Cell culture

Mouse musculoskeletal progenitor C2C12 cells were cultured in complete culture medium consisting of high-glucose Dulbecco's Modified Eagle Medium/Glutamax (Invitrogen, Merelbeke, Belgium) supplemented with 10% fetal bovine serum (Gibco, Merelbeke, Belgium), antibiotic-antimycotic solution (100 units/ml penicillin, 100 µg/ml streptomycin and 0.25 µg/ml amphotericin B; Invitrogen) and sodium pyruvate (Gibco). After 3 h of serum starvation, cells were stimulated with 10 ng/ml TGFβ1 or 100 ng/ml BMP2 (R&D Systems Europe, Abingdon, UK) with or without prior treatment for 30 min with 10 µM SB203580 or DMSO vehicle control.

Human periosteum-derived cells (hPDCs) were isolated as described elsewhere17 and expanded in complete culture medium. Cell density was adjusted to 1.25×106 cells/ml in serum-free chemically-defined chondrogenic medium supplemented with sodium pyruvate and antibiotics.18 200 µl cell suspension was dispensed into the wells of a sterile 96-well V-bottom polypropylene microplate. The plate was centrifuged for 5 min at 500g. The pellets were stimulated with 10 ng/ml TGFβ1 or 100 ng/ml BMP2 and treated with 10 µM SB203580, 10 ng/ml human recombinant IL-1β (Thermo Scientific, Rockford, Illinois, USA) or TNFα (BioSource, Merelbeke, Belgium) from day 2 onwards. The medium was changed every 2–3 days. Duplicate pellets were harvested after 7 days for real-time PCR and western blot analysis.

Western blot analysis, immunohistochemistry and RNA isolation

Details are given in the online supplement.

Statistics

For survival analysis, the Gehan–Wilcoxon test was used. For comparison between groups in the in vivo experiments, the non-parametric Mann–Whitney test was used. The results were considered statistically significant with two-sided p values <0.05.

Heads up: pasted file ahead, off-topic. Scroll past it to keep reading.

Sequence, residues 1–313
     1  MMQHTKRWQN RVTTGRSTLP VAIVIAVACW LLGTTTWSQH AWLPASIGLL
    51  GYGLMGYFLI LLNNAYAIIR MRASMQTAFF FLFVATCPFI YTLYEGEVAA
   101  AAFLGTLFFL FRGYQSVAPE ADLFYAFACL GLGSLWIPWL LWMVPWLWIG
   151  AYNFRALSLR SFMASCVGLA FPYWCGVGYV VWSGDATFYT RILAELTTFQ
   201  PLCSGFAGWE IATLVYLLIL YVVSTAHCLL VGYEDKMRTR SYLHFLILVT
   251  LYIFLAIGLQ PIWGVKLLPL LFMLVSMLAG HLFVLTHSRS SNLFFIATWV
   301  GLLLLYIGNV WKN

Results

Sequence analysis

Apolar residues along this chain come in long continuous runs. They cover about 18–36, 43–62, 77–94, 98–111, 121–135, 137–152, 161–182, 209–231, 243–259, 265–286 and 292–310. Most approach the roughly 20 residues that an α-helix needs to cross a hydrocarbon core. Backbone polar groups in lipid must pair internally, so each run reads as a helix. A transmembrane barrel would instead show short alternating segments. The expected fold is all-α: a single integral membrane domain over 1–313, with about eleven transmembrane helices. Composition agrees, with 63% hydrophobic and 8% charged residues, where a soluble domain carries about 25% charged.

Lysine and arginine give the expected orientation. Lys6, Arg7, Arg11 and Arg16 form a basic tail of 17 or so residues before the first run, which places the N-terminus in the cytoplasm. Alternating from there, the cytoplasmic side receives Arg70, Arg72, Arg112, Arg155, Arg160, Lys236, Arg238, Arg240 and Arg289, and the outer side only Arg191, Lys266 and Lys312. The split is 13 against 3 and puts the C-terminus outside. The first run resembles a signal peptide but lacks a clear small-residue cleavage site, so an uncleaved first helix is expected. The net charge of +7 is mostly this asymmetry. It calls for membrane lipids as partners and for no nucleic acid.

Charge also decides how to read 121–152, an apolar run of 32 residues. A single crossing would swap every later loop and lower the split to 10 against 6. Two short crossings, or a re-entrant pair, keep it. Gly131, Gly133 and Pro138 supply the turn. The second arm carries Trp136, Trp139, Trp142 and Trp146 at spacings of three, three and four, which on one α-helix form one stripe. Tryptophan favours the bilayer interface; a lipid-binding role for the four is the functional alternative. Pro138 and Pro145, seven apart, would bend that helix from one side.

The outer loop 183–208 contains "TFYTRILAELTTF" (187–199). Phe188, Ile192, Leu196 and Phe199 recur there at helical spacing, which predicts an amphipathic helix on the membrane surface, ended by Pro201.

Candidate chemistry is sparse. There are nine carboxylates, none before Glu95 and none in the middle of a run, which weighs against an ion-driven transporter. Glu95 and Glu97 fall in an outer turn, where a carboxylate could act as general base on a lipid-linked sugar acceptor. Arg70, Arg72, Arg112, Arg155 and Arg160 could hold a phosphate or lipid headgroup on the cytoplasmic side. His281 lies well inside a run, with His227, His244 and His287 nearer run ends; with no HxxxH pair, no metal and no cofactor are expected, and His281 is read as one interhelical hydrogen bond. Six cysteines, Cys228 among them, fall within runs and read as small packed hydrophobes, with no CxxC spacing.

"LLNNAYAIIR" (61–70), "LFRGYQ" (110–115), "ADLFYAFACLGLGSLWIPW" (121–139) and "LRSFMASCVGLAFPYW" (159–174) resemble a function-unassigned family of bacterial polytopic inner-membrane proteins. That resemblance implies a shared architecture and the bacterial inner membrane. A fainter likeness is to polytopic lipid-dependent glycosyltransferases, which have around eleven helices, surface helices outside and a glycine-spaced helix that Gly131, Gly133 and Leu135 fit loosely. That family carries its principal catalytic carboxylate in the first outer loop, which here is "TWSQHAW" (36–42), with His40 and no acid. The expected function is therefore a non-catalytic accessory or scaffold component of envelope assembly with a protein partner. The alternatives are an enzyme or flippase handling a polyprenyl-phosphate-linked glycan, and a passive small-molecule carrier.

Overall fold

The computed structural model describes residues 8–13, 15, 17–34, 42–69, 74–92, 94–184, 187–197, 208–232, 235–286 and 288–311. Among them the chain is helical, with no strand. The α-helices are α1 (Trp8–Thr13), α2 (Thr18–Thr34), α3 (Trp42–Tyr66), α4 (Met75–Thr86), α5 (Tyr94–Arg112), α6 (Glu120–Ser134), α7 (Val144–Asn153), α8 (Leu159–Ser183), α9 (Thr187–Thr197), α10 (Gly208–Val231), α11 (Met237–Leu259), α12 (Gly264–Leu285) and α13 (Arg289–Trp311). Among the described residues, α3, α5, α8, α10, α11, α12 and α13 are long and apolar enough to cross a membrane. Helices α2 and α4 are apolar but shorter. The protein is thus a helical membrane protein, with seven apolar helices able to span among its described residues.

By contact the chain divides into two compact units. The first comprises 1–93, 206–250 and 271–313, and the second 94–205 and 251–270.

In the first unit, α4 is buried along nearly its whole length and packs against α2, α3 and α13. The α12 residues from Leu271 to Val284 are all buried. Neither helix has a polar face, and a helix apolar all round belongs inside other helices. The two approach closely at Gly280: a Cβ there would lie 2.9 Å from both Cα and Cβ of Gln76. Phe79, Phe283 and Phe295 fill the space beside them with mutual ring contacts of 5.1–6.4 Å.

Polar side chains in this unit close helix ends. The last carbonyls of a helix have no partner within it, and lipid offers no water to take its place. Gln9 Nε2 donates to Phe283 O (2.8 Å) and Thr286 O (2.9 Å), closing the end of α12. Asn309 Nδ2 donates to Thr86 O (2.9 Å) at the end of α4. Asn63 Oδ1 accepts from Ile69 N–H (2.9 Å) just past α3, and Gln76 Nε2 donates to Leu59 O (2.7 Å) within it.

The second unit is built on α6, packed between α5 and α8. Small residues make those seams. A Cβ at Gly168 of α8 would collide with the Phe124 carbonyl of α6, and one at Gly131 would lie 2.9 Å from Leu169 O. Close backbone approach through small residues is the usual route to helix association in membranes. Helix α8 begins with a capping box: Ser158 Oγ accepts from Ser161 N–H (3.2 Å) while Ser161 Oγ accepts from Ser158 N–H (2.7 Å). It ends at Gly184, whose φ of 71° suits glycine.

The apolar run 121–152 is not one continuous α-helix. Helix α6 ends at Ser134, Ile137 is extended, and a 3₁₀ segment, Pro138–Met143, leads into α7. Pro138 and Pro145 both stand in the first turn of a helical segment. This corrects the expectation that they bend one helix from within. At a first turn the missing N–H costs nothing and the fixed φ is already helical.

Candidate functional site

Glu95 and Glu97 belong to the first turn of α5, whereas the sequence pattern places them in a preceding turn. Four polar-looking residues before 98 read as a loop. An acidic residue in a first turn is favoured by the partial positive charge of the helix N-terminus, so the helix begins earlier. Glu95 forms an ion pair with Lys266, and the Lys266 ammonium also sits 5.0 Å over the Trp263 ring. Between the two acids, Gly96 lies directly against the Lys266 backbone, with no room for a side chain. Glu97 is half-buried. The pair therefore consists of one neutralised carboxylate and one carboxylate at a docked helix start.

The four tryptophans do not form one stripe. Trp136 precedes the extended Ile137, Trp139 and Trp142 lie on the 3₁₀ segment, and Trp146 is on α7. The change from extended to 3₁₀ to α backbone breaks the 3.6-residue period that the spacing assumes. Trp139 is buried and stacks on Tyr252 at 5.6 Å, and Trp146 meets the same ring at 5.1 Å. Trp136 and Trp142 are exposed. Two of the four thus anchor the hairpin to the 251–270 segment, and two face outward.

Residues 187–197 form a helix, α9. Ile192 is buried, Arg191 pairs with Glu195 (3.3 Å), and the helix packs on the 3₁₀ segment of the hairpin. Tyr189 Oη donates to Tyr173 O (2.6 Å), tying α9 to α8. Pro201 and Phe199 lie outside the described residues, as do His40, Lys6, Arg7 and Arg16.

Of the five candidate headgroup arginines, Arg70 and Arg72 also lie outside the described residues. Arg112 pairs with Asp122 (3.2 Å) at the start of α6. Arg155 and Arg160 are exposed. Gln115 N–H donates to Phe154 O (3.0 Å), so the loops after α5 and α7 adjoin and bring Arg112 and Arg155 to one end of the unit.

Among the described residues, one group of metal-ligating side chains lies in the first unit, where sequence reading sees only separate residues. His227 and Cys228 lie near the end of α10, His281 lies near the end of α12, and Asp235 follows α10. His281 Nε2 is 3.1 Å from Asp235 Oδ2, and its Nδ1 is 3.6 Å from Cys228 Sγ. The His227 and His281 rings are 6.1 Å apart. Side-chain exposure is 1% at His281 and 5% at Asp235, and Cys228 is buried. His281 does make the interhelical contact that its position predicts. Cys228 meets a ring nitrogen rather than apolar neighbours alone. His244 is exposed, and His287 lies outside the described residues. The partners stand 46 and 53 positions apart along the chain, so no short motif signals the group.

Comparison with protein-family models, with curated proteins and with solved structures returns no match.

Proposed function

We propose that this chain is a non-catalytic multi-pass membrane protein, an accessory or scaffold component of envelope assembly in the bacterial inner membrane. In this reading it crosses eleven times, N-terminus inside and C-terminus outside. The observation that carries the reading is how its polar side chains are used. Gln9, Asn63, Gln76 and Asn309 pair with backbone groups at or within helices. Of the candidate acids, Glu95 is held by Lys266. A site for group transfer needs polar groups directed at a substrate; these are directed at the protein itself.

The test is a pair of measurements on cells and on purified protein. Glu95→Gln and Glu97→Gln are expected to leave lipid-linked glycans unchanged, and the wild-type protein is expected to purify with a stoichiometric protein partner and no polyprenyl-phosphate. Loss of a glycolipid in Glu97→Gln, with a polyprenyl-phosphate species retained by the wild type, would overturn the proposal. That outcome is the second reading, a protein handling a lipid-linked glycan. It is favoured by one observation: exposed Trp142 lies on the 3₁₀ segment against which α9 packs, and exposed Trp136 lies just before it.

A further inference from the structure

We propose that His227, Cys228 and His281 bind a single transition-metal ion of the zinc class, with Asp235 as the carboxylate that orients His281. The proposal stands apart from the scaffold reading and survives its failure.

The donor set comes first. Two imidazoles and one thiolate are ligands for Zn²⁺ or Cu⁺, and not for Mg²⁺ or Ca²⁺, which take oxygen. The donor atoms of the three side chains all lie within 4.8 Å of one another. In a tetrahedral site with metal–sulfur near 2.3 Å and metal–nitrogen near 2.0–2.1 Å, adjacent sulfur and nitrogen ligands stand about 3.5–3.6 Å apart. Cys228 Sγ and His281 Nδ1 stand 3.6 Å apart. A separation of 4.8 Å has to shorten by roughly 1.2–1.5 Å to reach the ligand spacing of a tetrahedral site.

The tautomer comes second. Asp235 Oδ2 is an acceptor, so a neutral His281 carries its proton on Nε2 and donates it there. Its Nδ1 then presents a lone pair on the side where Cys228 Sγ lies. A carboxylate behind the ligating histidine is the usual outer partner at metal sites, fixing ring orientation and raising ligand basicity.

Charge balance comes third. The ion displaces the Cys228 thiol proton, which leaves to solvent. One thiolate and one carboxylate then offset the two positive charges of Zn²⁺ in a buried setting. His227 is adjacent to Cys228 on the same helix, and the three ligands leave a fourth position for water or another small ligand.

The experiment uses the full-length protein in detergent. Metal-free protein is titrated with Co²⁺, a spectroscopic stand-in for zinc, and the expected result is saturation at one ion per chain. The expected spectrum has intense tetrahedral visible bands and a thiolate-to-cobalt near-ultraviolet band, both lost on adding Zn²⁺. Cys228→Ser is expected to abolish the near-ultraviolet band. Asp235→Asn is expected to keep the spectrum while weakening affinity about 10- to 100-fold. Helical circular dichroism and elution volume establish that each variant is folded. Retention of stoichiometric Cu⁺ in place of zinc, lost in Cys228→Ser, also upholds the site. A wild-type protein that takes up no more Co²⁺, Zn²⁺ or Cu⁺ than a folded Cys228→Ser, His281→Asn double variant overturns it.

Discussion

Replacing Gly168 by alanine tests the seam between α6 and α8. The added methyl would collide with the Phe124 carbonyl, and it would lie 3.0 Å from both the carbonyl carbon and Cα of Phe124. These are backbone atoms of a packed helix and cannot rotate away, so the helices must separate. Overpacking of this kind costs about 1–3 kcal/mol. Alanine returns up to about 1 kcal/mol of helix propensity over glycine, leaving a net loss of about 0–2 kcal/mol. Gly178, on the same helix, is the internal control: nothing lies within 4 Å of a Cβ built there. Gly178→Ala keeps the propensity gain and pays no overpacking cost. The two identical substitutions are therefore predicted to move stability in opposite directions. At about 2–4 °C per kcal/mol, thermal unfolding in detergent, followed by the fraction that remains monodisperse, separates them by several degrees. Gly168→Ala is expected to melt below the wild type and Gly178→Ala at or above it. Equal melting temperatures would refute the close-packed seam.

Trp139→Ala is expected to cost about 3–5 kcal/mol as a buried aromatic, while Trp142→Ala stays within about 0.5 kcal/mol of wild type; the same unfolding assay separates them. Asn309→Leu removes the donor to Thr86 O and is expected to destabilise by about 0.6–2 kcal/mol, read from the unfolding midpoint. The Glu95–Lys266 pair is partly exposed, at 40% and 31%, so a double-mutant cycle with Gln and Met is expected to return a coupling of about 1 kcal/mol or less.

Results

In vitro stimulation of BMP and TGFβ signalling cascades and activity of SB203580

We determined the effect of p38 inhibition with chemical inhibitor SB203580 in vitro after BMP2 or TGFβ1 stimulation in BMP-responsive C2C12 cells. BMP2 addition caused SMAD1/5/8 phosphorylation and TGFβ1 stimulation resulted in activation of canonical SMAD3 (figure 1A,B). Both ligands also induced phosphorylation of p38 MAPK which was reduced to control levels by SB203580 pretreatment. Effective inhibition of downstream activation of MAPK-activated protein kinase 2 (MAPKAP2) was detected in SB203580-treated C2C12 cells. No BMP2 or TGFβ ligand-dependent ERK1/2 activation could be demonstrated. However, pretreatment with the p38 inhibitor increased ERK MAPK activation.

Figure 1

SB203580 inhibits transforming growth factor β (TGFβ)- and bone morphogenetic protein 2 (BMP2)-induced activation of p38. Serum-starved C2C12 cells were treated with 10 µM SB203580 or dimethyl sulfoxide (DMSO) prior to ligand stimulation. Samples were incubated with (A) 100 ng/ml BMP2 or (B) 10 ng/ml TGFβ for 30 min. After cell lysis, samples were immunoblotted against regulatory p-SMAD1/5/8 or p-SMAD3, p-p38, p-MAPKAP2 and p-ERK1/2 as well as glyceraldehyde 3-phosphate dehydrogenase (GAPDH) as loading control.